Short-handed public officials struggling to meet the strict accounting demands of the Recovery Act may have a new tool, available through a partnership that merges Microsoft’s stimulus360 and Bank of New York Mellon’s funds management capabilities.
When stimulus funds started rolling out to states and cities across the country last February, an undercurrent of worry about overhead costs began to swell. State and local officials charged with keeping track of Recovery Act dollars have seen their ranks diminish in the face of record budget gaps. And new transparency regulations accompanying the stimulus funds meant federal mandates and new accounting processes.
Last week, short-handed officials struggling to meet the strict accounting demands of the Recovery Act may have found a new option.
Bank of New York Mellon, a leader in public sector trust services, announced a partnership with Microsoft Corp. to help state and local governments track and report on stimulus funds related to the American Recovery and Reinvestment Act.
The partnership is a continuation of a long-standing relationship, said executives from Microsoft and BNY Mellon during an interview with CivSource. “We’re in an enviable position,” Colleen Healy, general manager, U.S. financial services at Microsoft, said. By bringing together a leading provider of financial services for state and local municipalities, Microsoft saw an opportunity to create a, “one-stop-shop solution to help state and local governments manage, track and report stimulus dollars,” Ms. Healy said.
BNY Mellon is the largest trustee of municipal accounts with 48 percent of the market, said Troy Kilpatrick, managing director and head of the Corporate and Municipal Finance Group within BNY Mellon Corporate Trust. Mr. Kilpatrick said the company was looking at how to deliver services needed under ARRA and that matching their services with Microsoft’s capabilities was a compelling solution.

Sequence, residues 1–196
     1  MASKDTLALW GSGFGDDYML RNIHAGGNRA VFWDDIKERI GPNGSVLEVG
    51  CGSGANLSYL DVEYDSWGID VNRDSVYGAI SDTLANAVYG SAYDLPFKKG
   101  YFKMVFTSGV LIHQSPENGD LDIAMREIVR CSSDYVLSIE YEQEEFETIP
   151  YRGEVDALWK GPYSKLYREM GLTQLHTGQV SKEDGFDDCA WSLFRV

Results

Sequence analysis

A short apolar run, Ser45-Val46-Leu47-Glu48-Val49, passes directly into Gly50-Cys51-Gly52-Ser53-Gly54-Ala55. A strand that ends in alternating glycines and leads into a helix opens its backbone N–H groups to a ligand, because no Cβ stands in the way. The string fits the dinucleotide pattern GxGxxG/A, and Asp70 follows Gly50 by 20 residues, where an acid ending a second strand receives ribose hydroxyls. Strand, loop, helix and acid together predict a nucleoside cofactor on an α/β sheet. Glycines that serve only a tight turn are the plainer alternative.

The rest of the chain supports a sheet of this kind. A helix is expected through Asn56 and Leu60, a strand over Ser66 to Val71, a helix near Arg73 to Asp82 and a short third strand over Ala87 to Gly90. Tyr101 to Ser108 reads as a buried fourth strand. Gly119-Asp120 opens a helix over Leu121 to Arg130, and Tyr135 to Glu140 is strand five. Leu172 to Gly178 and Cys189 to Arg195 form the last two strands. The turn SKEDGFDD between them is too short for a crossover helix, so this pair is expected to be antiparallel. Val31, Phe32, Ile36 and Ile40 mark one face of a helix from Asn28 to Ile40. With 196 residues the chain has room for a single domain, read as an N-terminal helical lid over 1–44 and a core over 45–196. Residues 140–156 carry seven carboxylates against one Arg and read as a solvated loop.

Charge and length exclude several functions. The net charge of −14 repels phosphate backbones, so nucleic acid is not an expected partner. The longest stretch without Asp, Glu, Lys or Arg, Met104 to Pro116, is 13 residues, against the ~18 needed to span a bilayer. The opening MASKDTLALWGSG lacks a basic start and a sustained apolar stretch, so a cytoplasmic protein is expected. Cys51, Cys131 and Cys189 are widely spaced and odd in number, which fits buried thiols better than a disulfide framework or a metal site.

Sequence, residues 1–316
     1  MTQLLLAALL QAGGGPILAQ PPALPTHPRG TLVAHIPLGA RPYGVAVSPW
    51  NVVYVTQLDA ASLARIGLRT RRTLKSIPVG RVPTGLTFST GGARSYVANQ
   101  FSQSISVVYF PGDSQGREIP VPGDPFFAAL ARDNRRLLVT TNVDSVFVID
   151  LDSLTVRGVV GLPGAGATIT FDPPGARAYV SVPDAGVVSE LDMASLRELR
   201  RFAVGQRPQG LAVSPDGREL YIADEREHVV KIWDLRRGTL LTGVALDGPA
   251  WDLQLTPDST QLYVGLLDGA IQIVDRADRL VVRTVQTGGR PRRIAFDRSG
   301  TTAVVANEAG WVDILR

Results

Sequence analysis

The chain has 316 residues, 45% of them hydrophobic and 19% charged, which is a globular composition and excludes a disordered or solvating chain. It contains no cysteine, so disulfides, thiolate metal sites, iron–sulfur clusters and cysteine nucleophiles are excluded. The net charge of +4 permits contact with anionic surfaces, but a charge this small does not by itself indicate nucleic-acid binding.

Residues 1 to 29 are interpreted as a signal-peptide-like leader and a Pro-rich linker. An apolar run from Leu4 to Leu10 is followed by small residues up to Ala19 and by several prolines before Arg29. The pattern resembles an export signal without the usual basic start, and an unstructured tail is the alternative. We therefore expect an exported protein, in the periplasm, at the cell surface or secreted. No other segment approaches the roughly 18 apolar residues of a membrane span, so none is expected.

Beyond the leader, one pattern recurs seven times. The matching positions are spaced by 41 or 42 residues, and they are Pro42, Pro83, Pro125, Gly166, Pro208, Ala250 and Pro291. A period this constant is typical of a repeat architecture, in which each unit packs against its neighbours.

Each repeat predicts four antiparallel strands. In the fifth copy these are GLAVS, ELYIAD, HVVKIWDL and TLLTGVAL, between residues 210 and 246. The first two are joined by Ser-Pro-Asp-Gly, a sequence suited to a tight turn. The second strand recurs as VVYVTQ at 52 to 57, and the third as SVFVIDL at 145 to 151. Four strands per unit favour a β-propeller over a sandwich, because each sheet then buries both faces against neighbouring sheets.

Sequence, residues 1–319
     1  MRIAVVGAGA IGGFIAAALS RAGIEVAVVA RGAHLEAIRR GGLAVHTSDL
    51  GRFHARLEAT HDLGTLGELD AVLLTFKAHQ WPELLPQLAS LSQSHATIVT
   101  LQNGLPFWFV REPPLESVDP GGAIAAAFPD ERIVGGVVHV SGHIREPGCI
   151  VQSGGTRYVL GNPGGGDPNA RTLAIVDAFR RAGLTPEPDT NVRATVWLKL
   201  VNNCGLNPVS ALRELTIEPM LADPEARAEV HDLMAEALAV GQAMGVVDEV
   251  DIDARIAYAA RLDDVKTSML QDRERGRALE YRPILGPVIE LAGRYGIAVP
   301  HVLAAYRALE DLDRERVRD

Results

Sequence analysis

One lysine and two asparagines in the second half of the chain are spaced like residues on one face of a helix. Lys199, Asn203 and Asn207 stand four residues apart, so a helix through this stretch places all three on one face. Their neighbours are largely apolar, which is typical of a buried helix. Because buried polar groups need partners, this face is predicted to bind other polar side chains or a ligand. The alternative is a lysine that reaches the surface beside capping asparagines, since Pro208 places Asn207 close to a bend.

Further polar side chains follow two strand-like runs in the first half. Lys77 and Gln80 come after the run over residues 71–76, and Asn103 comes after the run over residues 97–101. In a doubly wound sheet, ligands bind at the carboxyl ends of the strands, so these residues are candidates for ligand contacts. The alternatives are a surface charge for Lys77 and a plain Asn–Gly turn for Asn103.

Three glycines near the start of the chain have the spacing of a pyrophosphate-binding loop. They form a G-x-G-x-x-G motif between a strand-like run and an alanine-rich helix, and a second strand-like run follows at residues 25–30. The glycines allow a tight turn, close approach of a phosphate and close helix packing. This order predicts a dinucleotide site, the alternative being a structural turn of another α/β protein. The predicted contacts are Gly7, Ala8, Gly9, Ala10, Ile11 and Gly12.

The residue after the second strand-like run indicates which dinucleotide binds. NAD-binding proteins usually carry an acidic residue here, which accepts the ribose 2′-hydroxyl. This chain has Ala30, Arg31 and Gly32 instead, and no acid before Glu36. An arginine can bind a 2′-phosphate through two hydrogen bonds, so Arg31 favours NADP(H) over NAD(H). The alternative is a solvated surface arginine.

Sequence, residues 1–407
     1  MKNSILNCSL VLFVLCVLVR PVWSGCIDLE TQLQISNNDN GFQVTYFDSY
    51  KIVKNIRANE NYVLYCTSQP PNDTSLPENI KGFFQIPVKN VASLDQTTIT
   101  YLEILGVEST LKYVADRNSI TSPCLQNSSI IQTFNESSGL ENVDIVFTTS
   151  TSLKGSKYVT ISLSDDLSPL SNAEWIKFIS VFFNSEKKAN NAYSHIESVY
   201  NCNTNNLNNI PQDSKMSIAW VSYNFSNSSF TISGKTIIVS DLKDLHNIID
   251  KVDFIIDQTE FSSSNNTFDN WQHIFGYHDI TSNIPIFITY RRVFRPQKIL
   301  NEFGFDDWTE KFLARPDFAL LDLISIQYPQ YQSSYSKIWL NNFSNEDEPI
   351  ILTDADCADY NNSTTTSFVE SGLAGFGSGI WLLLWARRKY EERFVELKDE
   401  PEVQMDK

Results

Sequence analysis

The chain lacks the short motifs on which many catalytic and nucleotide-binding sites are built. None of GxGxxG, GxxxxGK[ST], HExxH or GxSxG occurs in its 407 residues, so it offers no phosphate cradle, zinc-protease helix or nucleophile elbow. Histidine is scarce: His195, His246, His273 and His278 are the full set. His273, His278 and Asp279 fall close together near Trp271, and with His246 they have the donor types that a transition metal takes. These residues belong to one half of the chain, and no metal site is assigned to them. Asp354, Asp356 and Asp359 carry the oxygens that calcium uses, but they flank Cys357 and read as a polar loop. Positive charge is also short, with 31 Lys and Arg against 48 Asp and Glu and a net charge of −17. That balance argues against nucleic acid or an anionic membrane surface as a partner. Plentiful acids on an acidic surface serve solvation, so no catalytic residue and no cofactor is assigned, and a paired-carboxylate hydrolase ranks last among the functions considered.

“We serve as project manager on thousands of municipal bonds right now, ranging from transportation projects, government buildings, schools, and other public works. We’re already doing that as part of our core competencies, the only difference is in the past [our accounts] may be from bonds, now they’re from ARRA funds.”
Typically, BNY Mellon acts as an independent third party in transaction with government entities. When a state or county gets funds and then needs to disburse those funds down to other entities, they’ll use BNY Mellon to manage the transaction. But since the passage of ARRA, tracking and reporting standards have been made much stricter, so now those state or county governments are charged with reporting back to the federal government about how those funds were used.
“What we’ve seen is that many states have one reporting package,” Mr. Kilpatrick says, “but as you go down to the local department levels, there are other ways of reporting. When you try to roll that [different information] together it becomes complicated.”
“We offer a standardized way to track and report those monies, with consistent reporting tools,” Mr. Kilpatrick continued.
And with the addition of Microsoft’s Stimulus360 solution, BNY Mellon can leverage a unique “end-to-end experiences” says Ms. Healy. “There’s an automated workflow and feed that goes into 360 that gives the data real-time use and an ability to bring the data to life,” she said.
Stimulus360 is a SharePoint-based solution that integrates other Microsoft tools such as Office, Excel, Vista, and Live Meeting to help manage all aspects of stimulus-funded projects through maps, dashboards and analytics. According to Ms. Healy, Microsoft already has twenty or more users in the public sector.
“Our goal at the end of the day is to leverage our core competencies so that [state and local governments] can be out of the business of funds management,” Ms. Healy said. “Letting government put a focus on job creation and efficient allocation of these monies is really where this partnership has value.”